Dr Shakil Ramshoo said that climate change is the biggest factor for the inclement weather in Jammu and Kashmir.
Srinagar: Following the change in weather pattern that has led to frequent flash floods, landslides and avalanches in Jammu and Kashmir in the past few years, environmental experts are of the opinion that such events could occur repeatedly if immediate steps are not taken to cope with the threatening situation.
Vice-Chancellor, Islamic University of Science and Technology (IUST), Dr Shakil Ramshoo said that climate change is the biggest factor for the inclement weather in Jammu and Kashmir.
“Natural calamities like cloud bursts, landslides are something which can’t be predicted. However, the increase in their intensity is definitely linked to the overall climate change we are witnessing globally,” Ramshoo said.
“We are simply talking about the very life support system of this planet.”
“Burning all fossil fuels would create a very different planet than the one that humanity knows. The palaeoclimate record and ongoing climate change make it clear that the climate system would be pushed beyond tipping points, setting in motion irreversible changes, including ice sheet disintegration with a continually adjusting shoreline, extermination of a substantial fraction of species on the planet, and increasingly devastating regional climate extremes” and “this equates 400,000 Hiroshima atomic bombs per day 365 days per year” . James Hansen et al. 2012 and James Hansen 2012.
Ramshoo, who has done extensive research on hydrology, glaciology and climate change impact studies in the Himalayan region, said that the penetration in the fragile ambiances in the name of development is the biggest factor for the environmental degradation in the valley.
“Factors like urbanization, developmental infrastructure are the main reasons that our environment is getting polluted which later results in landslides and other disasters,” he said. “The latest example of ill planned developmental work is four-lanning of Srinagar-Jammu highway. And the results are in front of us. Every day we are witnessing landslides along the highway.”
Following the fresh snowfall on Friday evening in the valley, the traffic movement on the Srinagar and Jammu highway was again closed for vehicular traffic after fresh landslides in Ramban sector.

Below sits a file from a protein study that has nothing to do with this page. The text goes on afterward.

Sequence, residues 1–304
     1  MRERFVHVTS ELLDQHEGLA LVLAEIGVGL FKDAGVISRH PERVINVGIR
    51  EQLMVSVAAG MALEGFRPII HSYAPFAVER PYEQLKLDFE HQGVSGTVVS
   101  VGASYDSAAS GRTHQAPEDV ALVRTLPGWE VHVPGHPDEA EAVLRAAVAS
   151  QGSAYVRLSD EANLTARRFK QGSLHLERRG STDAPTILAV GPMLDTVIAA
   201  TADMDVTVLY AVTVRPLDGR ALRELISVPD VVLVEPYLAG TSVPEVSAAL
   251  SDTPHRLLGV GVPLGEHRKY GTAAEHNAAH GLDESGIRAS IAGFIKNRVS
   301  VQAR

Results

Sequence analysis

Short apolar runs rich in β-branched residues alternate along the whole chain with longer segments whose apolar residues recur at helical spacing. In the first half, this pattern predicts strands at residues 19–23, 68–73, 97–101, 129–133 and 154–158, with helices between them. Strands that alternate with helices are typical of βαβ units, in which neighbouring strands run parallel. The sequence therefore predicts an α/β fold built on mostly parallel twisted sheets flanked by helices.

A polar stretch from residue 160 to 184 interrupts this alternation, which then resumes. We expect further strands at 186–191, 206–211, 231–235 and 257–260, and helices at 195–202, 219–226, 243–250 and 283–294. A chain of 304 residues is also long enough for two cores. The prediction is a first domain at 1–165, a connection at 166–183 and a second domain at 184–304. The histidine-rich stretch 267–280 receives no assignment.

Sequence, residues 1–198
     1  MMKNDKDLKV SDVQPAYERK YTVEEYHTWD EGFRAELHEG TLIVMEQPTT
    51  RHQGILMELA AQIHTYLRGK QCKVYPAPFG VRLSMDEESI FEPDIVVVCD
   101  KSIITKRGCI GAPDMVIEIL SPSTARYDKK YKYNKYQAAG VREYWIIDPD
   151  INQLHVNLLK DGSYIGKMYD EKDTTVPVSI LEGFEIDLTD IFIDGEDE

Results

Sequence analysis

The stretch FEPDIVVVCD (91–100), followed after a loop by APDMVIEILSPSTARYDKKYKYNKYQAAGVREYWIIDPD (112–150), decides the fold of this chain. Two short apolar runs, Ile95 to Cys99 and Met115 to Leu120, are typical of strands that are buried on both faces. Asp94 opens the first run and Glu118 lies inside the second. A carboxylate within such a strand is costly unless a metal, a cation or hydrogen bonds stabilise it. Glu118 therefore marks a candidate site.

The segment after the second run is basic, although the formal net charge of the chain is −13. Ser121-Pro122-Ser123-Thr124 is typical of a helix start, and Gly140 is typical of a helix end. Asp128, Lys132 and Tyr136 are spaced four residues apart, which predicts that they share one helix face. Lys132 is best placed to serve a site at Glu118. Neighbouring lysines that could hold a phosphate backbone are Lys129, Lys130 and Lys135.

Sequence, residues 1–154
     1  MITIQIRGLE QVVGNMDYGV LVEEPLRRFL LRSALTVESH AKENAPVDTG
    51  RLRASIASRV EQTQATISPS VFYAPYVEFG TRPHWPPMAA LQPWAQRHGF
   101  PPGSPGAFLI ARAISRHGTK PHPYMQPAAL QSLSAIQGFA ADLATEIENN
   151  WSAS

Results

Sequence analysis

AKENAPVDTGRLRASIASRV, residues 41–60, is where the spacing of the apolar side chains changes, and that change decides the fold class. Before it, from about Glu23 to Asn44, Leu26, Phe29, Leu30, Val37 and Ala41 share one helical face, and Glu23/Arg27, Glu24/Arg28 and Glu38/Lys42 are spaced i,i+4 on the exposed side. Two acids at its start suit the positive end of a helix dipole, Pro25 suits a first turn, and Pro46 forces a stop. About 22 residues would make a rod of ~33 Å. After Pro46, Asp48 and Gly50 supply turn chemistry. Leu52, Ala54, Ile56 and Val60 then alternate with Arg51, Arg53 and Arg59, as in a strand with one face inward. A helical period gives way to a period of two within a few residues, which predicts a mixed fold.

Many areas across J&K including Trikuta hills of Mata Vaishnodevi and tourist resorts of Bhaderwah and Patnitop in Jammu region experienced season’s first snowfall.
Ramshoo said that the government should come up with eco-friendly developmental policies to safeguard nature.
“In 2014, some of the areas in south Kashmir witnessed 620 millimeters of rain that resulted in floods. Such extreme rainfall is alarming,” he said.
Kashmir has a long history of floods, with most of them linked to the Jhelum river. According to the data, the worst floods that the valley has witnessed were in the year 1841, 1893, 1903, 1929, 1948,1950, 1957, 1992, and in 2014.
Experts believe that deforestation, unplanned construction, river pollution, and overuse of chemical fertilizers by farmers are some of the factors that have led to the drastic change in the environment, making it more vulnerable to natural disasters over time.
Environmental lawyer and activist Nadeem Qadri said that the tempering secrets of nature are the direct results of environmental degradation that Kashmir is facing today.
“I have been crying for the past 10 years that we are living in a fragile environment which needs to be protected, but nobody is listening to me. We as a society, as a government have failed to save nature,” Qadri said.
Our day-to-day experiences over the past decade have taught us that there must be limits to our tremendous appetite for energy, natural resources, and consumer goods. Even utility and oil companies now promote conservation in the face of demands for dwindling energy reserves. And for years some biologists have warned us of the direct correlation between scarcity and population growth. These scientists see an appalling future riding the tidal wave of a worldwide growth of population and technology.
“This summer we witnessed 38 degree Celsius in Kargil. It is unprecedented. And yet we are in deep slumber,” he said.
Qadri said that the allocation of the budget for afforestation in Kashmir is not even 2 percent.
In June last year, at least eight persons died and 20 persons are feared missing while several structures got damaged after cloudbursts triggered flash floods in different parts of Jammu and Kashmir amid incessant rains.
“Kashmir Himalayas are facing serious ecological crises. We need to address the issue at the earliest, otherwise what we are witnessing today is only the beginning of what is to come. It is an SoS situation,” he said.